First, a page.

With images of the Japan earthquake and tsunami fresh in the minds of coastal dwellers everywhere, tsunami science is getting a fresh infusion of interest, and cash, in the U.S. From giant wave basins in Oregon to current-speed detectors in California, the U.S. is expanding its tsunami research, especially in the Pacific Northwest states that researchers say face grave risk of big-wave destruction.
Oregon State University scientist Solomon Yim, director of the O.H. Hinsdale Wave Research Laboratory, says that each time a major tsunami hits, his $20 million lab sees an uptick in research projects from his average of $2 million in annual grants. "Before 2004, tsunamis were not on the radar screen of Americans," says Yim. That all changed with the Indonesian tsunami, and in 2005, the departments of transportation for the three western coastal states commissioned more research.
The Japanese tsunami may be the most influential of all when it comes to spurring research and increasing public awareness. Historically, tsunamis often occurred at night or in places where people didn't have video cameras. But the dramatic images from Japan may have—literally—shed new light on big-wave disasters.
"There is no question the video footage of the Japan tsunami is incredible," says Lori Dengler, chairwoman of the geology and oceanography departments at Humboldt State University in Arcata, Calif., who heads the Humboldt Earthquake Education Center. "Prior to that, we had relatively no good footage of the tsunami."
Yim's lab has expanded to six people, up from three, in the past five years. He is studying, for example, the debris kicked up by a tsunami, and the impact on structures. "The coastal engineers and harbor people need to take tsunamis into account for design," he says. "They do have bridges sticking right out into the ocean." (Note to engineers: Don't do this anymore.)
A structural engineer with a background in computational fluid dynamics, Yim researches how fluids impact structures. His tsunami center, which opened in 2000, now has two large basins, one of them 342 feet long. Imagine a much bigger, scarier water-park pool that simulates giant, destructive waves. Now, he is busy calculating the physics of damage a tsunami could cause on bridges, roads, and other infrastructure on the West Coast.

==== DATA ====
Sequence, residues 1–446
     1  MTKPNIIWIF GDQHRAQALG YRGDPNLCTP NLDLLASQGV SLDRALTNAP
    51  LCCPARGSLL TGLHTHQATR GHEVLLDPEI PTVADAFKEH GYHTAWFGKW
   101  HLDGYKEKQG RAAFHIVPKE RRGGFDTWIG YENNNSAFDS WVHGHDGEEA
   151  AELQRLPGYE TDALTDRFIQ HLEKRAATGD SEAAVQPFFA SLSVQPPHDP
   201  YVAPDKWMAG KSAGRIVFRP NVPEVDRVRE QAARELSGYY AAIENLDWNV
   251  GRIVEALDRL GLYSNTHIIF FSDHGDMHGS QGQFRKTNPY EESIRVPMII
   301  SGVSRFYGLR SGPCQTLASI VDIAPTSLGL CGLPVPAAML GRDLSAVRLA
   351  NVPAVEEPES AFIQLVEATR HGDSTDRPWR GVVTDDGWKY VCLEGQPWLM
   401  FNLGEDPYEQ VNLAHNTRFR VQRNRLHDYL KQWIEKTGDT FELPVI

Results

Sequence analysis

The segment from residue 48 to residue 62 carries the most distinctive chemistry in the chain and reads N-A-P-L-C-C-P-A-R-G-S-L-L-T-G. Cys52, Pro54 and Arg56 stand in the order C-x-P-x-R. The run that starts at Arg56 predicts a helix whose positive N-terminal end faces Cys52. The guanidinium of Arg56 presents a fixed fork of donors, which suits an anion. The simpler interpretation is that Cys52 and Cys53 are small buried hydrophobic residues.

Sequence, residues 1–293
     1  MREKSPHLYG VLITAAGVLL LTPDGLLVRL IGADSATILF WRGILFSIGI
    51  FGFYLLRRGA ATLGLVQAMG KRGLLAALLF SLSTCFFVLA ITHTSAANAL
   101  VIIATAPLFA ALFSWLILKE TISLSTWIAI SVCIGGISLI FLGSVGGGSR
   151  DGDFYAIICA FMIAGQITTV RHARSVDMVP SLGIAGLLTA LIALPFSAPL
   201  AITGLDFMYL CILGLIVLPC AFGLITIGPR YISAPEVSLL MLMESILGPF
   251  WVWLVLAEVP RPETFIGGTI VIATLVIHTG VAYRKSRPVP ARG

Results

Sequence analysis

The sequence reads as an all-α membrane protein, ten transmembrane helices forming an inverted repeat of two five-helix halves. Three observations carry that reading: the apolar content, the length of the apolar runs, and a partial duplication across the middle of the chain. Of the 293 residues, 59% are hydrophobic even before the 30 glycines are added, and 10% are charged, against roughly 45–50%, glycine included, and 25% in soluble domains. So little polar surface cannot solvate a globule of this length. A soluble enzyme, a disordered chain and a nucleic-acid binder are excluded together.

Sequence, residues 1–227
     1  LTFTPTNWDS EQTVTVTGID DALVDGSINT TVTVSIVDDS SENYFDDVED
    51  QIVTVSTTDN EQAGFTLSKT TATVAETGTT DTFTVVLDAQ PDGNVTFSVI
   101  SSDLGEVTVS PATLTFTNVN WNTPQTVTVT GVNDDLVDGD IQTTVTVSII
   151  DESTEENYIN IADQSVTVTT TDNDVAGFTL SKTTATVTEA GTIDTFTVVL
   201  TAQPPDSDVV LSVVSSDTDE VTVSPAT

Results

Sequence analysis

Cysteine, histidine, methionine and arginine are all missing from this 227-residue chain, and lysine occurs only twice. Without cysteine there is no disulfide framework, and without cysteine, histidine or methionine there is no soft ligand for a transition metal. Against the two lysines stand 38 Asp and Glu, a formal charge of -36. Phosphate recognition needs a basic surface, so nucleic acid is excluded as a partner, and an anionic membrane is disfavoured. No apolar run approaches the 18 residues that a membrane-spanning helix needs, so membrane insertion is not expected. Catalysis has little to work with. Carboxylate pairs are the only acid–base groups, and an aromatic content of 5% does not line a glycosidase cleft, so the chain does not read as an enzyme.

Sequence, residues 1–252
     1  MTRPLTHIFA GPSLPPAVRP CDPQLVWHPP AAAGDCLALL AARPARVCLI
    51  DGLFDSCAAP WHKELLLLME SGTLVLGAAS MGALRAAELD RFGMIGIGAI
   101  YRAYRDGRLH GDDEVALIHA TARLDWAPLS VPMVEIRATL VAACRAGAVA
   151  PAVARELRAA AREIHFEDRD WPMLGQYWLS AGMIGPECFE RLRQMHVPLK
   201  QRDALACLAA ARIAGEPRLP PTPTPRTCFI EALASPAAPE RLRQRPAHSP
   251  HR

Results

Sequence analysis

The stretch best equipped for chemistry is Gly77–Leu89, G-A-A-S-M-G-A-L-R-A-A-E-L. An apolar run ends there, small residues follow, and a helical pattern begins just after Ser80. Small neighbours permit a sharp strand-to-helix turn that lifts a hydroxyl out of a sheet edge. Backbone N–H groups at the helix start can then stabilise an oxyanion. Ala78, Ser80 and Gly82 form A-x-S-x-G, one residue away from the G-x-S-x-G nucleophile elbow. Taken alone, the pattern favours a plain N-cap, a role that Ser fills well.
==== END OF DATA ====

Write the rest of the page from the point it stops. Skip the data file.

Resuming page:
His findings suggest cylinders resist tsunamis better than other shapes of pillars that hold up bridges. Any corners or abrupt changes stick out and catch water, while the cylinder "is the optimum shape." On buildings that must use I-beams and other corners, he said engineers should focus on creating a strong frame with tearaway panels to withstand damage.
As for Dengler, who is heavily involved with the efforts the National Oceanic and Atmospheric Administration, which oversees the National Tsunami Hazard Mitigation Program, she's helping to develop and test an instrument that tracks the speed of tsunami currents. Their prototype in Humboldt Bay measures current velocity, and caught early signals of the March 11 Japanese earthquake and tsunami. They want to add more such instruments in California to improve earthquake and tsunami detection.
"It's the speed at which the water flows that may cause the damage, particularly if it carries debris," she said. In the past, tide gauges recorded the height of tsunami waves, but not the current speed. "We are really at the very beginning to describe those current philosophies."
It's not just public entities that are getting in on the research and educational initiatives. The U.S.-based giant FM Global insured nearly 3,000 properties in Japan that sustained less than $150 million in damage. "Whenever there’s a significant issue like in Japan, there are always questions of where else it could happen," said Lou Gritzo, a vice president and manager of research at FM Global. "The Pacific Northwest is on the short list."
Gritzo said the insurer is working with clients to prevent damage with methods such as turning off natural gas to buildings to avoid fire damage during an earthquake, and keeping sprinkler lines in working order. It also does computer modeling of tsunamis.
All this is not to say that the U.S.—which racked up $60 million in damages on March 11 as waves from Japan's tsunami reached the West Coast—is where it needs to be with tsunami research or preparedness. Despite the near-meltdown at the Fukushima nuclear plant in the wake of the tsunami, and the flurry of new research going on in the U.S., Japan still is "by far, the most prepared country in the world for tsunamis," said Yim.
Meanwhile, the risks of a West Coast tsunami are far from hypothetical.
The Cascadia Subduction Zone, which spans 600 miles from British Columbia to Northern California, has potential for generating a large tsunami that could ravage parts of Washington, Oregon, and northern California.
"The Cascadia Earthquake is our biggest concern," says Dengler. "We are talking about exactly what happened in Japan." She predicts Seattle, Portland, Sacramento, and San Francisco would have earthquake damage, followed by huge waves arriving 10 to 15 minutes later. "We're talking about a very, very big tsunami that happens very, very quickly."
Yim and other scientists say the historical record shows a massive tsunami struck the coast just over 300 years ago, on Jan. 26, 1700, after a 9.0 earthquake rattled the ocean floor less than 100 miles off the coast of Oregon. Paleontologists have found tsunami deposits up the Columbia River. Tree-ring indicators and written records in Japan indicate the tremor also sent water across the ocean.
With a major tsunami like that typically recurring every 250 years, the Cascadius is 50 years overdue. Yim puts chances of another major West Coast tsunami in the next 50 years as high as 85%.
Fire up the wave pool.
For more news like this, follow @fastcompany on Twitter.